Why the answer to the question, “How many members do you have?” isn’t indicative of success
If you’re a gym owner, you have probably been asked—many times—the question: “How many members do you have?”
The inquisitive mind of the person asking—likely another gym owner—then compares your number to his own, and starts making assumptions about your business success.
If you’re part of the MadLab Group, you hopefully have learned this is not the question you should be asking to determine either your success, or someone else’s.
What should you be asking?
Here are a few more useful metrics:
• What’s your average/mode lifetime client value (LCV)?
• What’s the average/mode yearly value of your clients?
• What’s your churn rate?
• What’s your average dollar per square foot?
• What percentage of your gross revenue comes from group classes? Personal training?
• How many on-floor hours a week are you working?
• How many classes do you run, and what’s your average class attendance?
• How many full-time coaches do you have?
Going back to the original question about how many members you have, it comes down to quality over quantity.
So what makes a quality client?
In our opinion, the highest quality client comes to your gym for more than a workout. He’s committed to improving his fitness for life. He is not looking for a discounted place to hit a workout, but instead he wants a professional coach to help him manage his health and wellness. And he’s willing to pay for premium services like personal training, specialty programs or individual programming because he is committed to his personal fitness goals. (Even better still if he starts bringing you referrals, of course).
Now I’m not saying that people who aren’t looking for the above aren’t worth your time. There will always be people who want to do group classes for a few months before they move on to something else, and they can be part of your community, too. We’re definitely not knocking the “here for a good time, not a long time” type of clients. BUT, if your business RELIES on the dabblers— the people who want to pay the minimum amount of money to be at your gym and usually leave out the back end as fast as they come in—then you’re, well, somewhat doomed.
We’re saying for every “here for a good time” client looking for a deal, there is a person LOOKING for a professional relationship with a coach. THESE are the people you should invest your energy in, and these are the people who should make up the bulk of your business.
In reality, here’s what having quality clients over quantity looks like for the coach:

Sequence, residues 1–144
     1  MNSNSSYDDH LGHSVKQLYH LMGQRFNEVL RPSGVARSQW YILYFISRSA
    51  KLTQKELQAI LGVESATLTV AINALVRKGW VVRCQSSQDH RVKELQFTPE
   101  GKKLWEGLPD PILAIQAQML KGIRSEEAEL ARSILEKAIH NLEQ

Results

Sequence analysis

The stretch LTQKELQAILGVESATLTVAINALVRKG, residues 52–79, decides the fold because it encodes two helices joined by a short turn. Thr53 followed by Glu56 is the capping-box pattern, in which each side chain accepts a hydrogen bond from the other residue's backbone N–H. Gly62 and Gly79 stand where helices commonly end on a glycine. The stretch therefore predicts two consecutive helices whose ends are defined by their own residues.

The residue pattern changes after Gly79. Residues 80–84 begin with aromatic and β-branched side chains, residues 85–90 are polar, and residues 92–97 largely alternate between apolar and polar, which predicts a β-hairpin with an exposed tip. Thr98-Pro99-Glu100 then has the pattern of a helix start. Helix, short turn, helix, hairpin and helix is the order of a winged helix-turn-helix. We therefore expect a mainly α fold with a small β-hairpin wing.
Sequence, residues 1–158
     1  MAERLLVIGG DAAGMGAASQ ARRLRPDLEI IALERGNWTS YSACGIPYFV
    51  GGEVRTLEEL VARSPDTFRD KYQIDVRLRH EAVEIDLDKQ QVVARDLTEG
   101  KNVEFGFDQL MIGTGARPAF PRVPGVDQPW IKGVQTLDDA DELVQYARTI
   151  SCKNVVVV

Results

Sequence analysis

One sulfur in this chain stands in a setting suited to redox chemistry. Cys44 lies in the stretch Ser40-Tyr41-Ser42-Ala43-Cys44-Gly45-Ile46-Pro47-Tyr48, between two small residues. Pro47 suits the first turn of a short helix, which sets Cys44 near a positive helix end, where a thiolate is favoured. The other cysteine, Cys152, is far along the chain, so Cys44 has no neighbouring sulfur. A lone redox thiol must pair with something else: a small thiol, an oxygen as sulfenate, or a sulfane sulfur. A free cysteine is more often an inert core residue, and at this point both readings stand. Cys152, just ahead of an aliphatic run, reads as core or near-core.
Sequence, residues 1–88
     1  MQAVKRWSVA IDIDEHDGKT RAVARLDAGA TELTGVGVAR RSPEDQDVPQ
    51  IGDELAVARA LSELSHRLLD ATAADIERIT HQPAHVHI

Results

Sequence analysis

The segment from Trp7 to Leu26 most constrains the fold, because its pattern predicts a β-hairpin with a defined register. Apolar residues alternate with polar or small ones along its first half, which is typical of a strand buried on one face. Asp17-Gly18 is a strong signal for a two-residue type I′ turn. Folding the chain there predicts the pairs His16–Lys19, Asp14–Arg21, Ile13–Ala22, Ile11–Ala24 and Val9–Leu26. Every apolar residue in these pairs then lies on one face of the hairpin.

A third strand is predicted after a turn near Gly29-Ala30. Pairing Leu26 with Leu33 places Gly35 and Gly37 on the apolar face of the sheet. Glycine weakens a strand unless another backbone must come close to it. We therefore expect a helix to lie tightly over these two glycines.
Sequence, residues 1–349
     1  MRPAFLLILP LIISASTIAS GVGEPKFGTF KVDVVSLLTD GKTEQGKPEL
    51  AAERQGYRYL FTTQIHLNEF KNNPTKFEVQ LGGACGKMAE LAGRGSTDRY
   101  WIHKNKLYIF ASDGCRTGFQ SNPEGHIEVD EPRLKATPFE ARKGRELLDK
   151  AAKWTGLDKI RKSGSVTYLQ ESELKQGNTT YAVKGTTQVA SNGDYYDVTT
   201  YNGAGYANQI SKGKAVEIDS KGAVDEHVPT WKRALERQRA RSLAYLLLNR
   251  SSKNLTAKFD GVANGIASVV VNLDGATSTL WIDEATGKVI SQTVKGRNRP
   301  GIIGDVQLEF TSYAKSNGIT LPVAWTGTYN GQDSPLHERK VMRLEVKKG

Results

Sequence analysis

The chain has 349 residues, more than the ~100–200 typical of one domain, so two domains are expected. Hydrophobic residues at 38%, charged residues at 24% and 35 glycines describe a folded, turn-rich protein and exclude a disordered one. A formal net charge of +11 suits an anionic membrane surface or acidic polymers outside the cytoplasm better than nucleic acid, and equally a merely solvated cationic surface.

Coach #1 has 75 clients. Each pays $150 a month for group classes. His gross revenue is $11,250 a month. He coaches them in group classes but doesn’t have much of a one-on-one relationship with them. Most of them just show up to get their sweat on. If they get injured, they usually stop coming or put their membership on hold. He tends to lose 20 clients a year and is constantly searching and relying on bringing in new clients to replace the ones he just lost. Some years he’s up, some years he’s down, and it’s a constant stress to replace clients who leave.
Coach #2 has 50 clients. Each pays an average of $300 a month for a combination of group classes, personal training, and individual programming. His gross revenue is $15,000. He sees them during group classes once to three times a week, and also for personal training either once a week or once a month, depending on their wants and needs. During these one-on-one sessions (and through their individual program if they’re following one) he is able to really work on their weaknesses and help them rehab any injuries that might come up. His clients still get to enjoy the social and competitive atmosphere of the group class, but they know the true value of them being at the gym is to reap the benefits of having a personal coach for life in their corner to help them stay healthy and fit and committed. This coach loses the odd client (such is life), but generally his stable of clients is solid. Each year his stable grows a little bit stronger and he is able to pursue a career making a professional wage as a coach.
Which coach would you rather be? Which clients would you rather work with?